National Academy of Sciences Report Ranks US Extremely Large Telescope Program, Including the Giant Magellan Telescope, as Top Priority for US Astronomy in the 2020s

8 November 2021

AUSTIN — A new report out from the National Academy of Sciences, the highly anticipated decadal survey Pathways to Discovery in Astronomy and Astrophysics for the 2020s, or “Astro2020,” has presented recommendations for making federal investments critical to achieving advances in US astronomy over the next decade. The report ranked the US Extremely Large Telescope Program (US-ELTP) as the top project for ground-based observatories, recommending federal support for the final construction stages of the Giant Magellan Telescope (GMT). The University of Texas at Austin is a founding partner in the international consortium to build the GMT.

“I am delighted that the astronomy and astrophysics decadal survey recommendations are aligned with the vision of McDonald Observatory and the UT Austin Department of Astronomy — that GMT will provide transformational observing capabilities to our faculty, students, and researchers,” said Taft Armandroff, Director of McDonald Observatory and Vice Chair of the GMT Organization Board. “We look forward to working with the National Science Foundation to realize the recommendations of Astro2020.”

Indeed, the report stated that building an extremely large telescope “is absolutely essential if the United States is to maintain a position as a leader in ground-based astronomy.”

“We are incredibly honored to be ranked as a top priority in the decadal survey and are grateful for the many scientists who engaged in the process,” said GMT Organization President Robert Shelton. “This endorsement solidifies the scientific momentum that our founding consortium of international universities and research institutions pioneered years ago. After all, we designed the Giant Magellan Telescope to discover the unknown, and it’s the unimaginable discoveries that could change humanity forever.”

The Giant Magellan Telescope was evaluated in Astro2020 as a core partner of the US-ELTP. The goal of the program is for the National Science Foundation’s NOIRLab to provide US-based astronomers with full-sky observing access to the Giant Magellan Telescope in the southern hemisphere and the Thirty Meter Telescope in the northern hemisphere. The US-ELTP was viewed by Astro2020 as a visionary program that will enable collaborative, inclusive, and transformational research in nearly all areas of astrophysics — from understanding the fundamental nature of the universe to the search for life on distant exoplanets.

“We are proud to be part of the US Extremely Large Telescope Program and its bold vision to provide full-sky access to the astronomical community,” said Walter Massey, GMT Organization Board Chair and former Director of the National Science Foundation. “A heartfelt congratulations to both the Thirty Meter Telescope and NOIRLab. This strong recommendation is the result of many years of hard work. It is a great time to support and join our inspirational project and help secure access to these amazing telescopes for decades to come.”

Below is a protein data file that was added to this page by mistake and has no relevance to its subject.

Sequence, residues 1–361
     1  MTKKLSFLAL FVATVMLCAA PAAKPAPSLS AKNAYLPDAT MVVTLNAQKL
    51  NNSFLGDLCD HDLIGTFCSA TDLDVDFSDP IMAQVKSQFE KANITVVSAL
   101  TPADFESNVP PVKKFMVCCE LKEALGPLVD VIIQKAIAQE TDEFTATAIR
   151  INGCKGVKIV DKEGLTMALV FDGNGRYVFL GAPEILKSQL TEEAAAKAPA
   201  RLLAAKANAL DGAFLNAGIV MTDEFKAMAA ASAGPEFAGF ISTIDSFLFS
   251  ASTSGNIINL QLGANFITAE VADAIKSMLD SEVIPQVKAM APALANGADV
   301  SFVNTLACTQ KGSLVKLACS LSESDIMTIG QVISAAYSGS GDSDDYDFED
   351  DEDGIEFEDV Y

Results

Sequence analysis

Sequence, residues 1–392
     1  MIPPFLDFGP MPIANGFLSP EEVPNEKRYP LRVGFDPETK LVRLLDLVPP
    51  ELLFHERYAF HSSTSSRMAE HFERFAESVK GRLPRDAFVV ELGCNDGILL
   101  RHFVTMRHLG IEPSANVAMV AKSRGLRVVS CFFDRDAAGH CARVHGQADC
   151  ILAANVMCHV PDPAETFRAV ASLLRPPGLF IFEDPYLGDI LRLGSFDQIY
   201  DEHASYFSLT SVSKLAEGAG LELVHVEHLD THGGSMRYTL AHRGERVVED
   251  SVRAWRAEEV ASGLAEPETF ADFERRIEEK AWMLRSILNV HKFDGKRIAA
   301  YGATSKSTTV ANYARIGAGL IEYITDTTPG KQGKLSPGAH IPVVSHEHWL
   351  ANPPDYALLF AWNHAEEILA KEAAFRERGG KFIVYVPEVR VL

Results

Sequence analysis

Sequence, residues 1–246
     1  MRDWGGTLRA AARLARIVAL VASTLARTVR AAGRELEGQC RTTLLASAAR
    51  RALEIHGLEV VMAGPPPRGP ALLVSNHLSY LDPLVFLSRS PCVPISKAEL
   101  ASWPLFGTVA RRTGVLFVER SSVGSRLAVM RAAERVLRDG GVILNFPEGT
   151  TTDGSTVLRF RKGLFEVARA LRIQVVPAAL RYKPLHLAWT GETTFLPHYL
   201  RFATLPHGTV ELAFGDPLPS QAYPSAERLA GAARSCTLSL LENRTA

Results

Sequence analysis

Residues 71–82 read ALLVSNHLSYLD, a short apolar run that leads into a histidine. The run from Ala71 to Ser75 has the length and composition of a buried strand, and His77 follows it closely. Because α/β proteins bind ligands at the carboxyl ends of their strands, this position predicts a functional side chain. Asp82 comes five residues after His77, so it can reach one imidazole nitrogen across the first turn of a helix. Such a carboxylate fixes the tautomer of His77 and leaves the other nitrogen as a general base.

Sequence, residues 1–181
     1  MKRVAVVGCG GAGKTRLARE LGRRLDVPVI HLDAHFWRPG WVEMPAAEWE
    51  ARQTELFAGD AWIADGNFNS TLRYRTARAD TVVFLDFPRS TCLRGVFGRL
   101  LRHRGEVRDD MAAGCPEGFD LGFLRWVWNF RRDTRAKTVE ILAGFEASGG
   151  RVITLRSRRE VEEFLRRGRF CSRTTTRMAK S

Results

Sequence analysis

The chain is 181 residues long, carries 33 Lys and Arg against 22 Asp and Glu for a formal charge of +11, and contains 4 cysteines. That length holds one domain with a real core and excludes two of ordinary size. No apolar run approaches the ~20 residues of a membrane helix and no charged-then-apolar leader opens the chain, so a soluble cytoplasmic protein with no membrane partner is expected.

The 24.5-meter aperture GMT is positioned to put a federal investment to good use. Construction is well underway at Las Campanas Observatory at the southern edge of Chile’s Atacama Desert, one of the best locations on Earth to explore the heavens. The project has completed hard rock excavation for the foundation and support infrastructure, cast six of seven primary mirrors, begun fabricating its first adaptive secondary mirror, and has already secured a subaward from the National Science Foundation to accelerate the prototyping and testing of some of the most powerful optical and infrared technologies ever engineered.

Astro2020 highlights the GMT’s 368 square meter light-collecting power, unmatched 25-arcminute field of view, advanced adaptive optics system, and high-resolution spectroscopic and diffraction-limited imaging capabilities. The report emphasizes that the “capabilities can be brought to bear on nearly all of the important science questions laid out by this decadal survey, across all three of our key science themes.” These inspiring scientific priorities include pathways to habitable worlds, new windows on the dynamic universe, and drivers of galaxy growth. The recommendation also stated that the US-ELTP “provides observational capabilities unmatched in space or the ground and opens an enormous discovery space for new observations and discoveries not yet anticipated.”

The Giant Magellan Telescope is the work of an international consortium of leading universities and research institutions, including The University of Texas at Austin. To learn more, visit

— END —

Note to editors: The complete text of the decadal survey ASTRO2020 is available at:

Media Contact:
Rebecca Johnson
Communications Mgr., McDonald Observatory
The University of Texas at Austin

Science Contact:
Dr. Taft Armandroff
Director, UT Austin McDonald Observatory
Vice Chair, GMT Organization Board of Directors

Click the image to access the complete text of the ASTRO2020 report from the National Academy of Sciences.


GMT Artist's Concept